”People who read maybe one book every four/five months (again assuming it isn't just genre fiction or the current bestseller) tend to have too much reverence for books to do this effectively. They lend books an authority that heavy readers don’t.”

https://www.quora.com/Do-book-lovers-look-down-on-non-readers/answers/886844
Answer: Somebody recently said that reading books has now once again become a very specialized activity, the way it once was. I didn't like the argument initially. After all, reading a 50,000-word book doesn't seem like it needs any different skills compared to reading a 300-word news article. ...
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A couple of Space Shuttle related links…

[1] The first is a talk about the two big Shuttle disasters — Challenger in 1986 and Columbia in 2003. In both cases, both the vehicle and crew were tragically lost.

The speaker Stephen Carver talks about the immediate technical causes, as well as the broader organizational issues like poor communication, a culture of mistrust at NASA, and the tendency of management to ignore or deliberately shut out bad news. Although there is quite a bit of hyperbole here, the talk is extremely engaging and I highly recommend it.

https://www.youtube.com/watch?v=AyrRoKN_kvg

Some of the issues he talks about go back to the very dawn of NASA and the dominating style of the early leaders. This goes to show how much of the cultural DNA of an organization is defined by early leaders; this is especially evident (at least to me) in software companies where you often see that the star programmers that everyone looks up to also set the unwritten standards for code quality, and even things like collaboration and mutual respect — I have certainly noticed this in Google’s engineering environment.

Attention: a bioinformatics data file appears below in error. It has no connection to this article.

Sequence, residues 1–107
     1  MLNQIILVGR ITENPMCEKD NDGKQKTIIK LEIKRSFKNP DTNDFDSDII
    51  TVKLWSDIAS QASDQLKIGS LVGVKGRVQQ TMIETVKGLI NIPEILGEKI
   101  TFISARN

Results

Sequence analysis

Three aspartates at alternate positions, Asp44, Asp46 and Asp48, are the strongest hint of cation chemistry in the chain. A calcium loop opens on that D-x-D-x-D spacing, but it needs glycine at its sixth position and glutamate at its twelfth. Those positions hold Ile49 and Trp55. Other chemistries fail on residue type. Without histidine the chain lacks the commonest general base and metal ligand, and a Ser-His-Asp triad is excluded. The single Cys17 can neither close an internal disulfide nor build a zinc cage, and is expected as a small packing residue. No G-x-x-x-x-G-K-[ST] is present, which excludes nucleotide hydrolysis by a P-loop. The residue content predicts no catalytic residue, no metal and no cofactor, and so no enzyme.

[2] While talking about the Columbia disaster, the speaker hints at a possible rescue mission. If you remember the event, the orbiter suffered some damage during the launch, but it made it into orbit and the crew carried out their mission; it was only on re-entry two weeks later that the Shuttle broke apart. The committee investigating the accident considered into whether a rescue mission was possible, and they said that it was indeed possible but that it was “high risk”. This arstechnica article goes into some detail of what such a rescue mission would have entailed, and it sounds ridiculously audacious!

http://arstechnica.com/science/2016/02/the-audacious-rescue-plan-that-might-have-saved-space-shuttle-columbia/

#SpaceShuttle   #Shuttle   #Challenger   #Columbia  
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30 years since the Space Shuttle Challenger disaster.
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Currently
Bangalore
Previously
Pune - Redmond, WA
Work
Occupation
Programmer
Employment
  • Google
    Programmer, 2008 - present
  • Amazon.com
    Programmer, 2005 - 2007
  • TeleSym Inc
    Programmer, 2002 - 2005
  • Ruksun Software Technologies
    Programmer, 1994 - 2001
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Lovely depiction of village life in Maharashtra.
Public - 4 months ago
reviewed 4 months ago
Excellent Masala Dosa. Very clean. Very inexpensive. It's almost always crowded, but the queues move quickly. You'd probably have to eat standing as there is very limited seating space.
Public - 5 months ago
reviewed 5 months ago
Always crowded, but it's clean and they serve very good food.
Public - 10 months ago
reviewed 10 months ago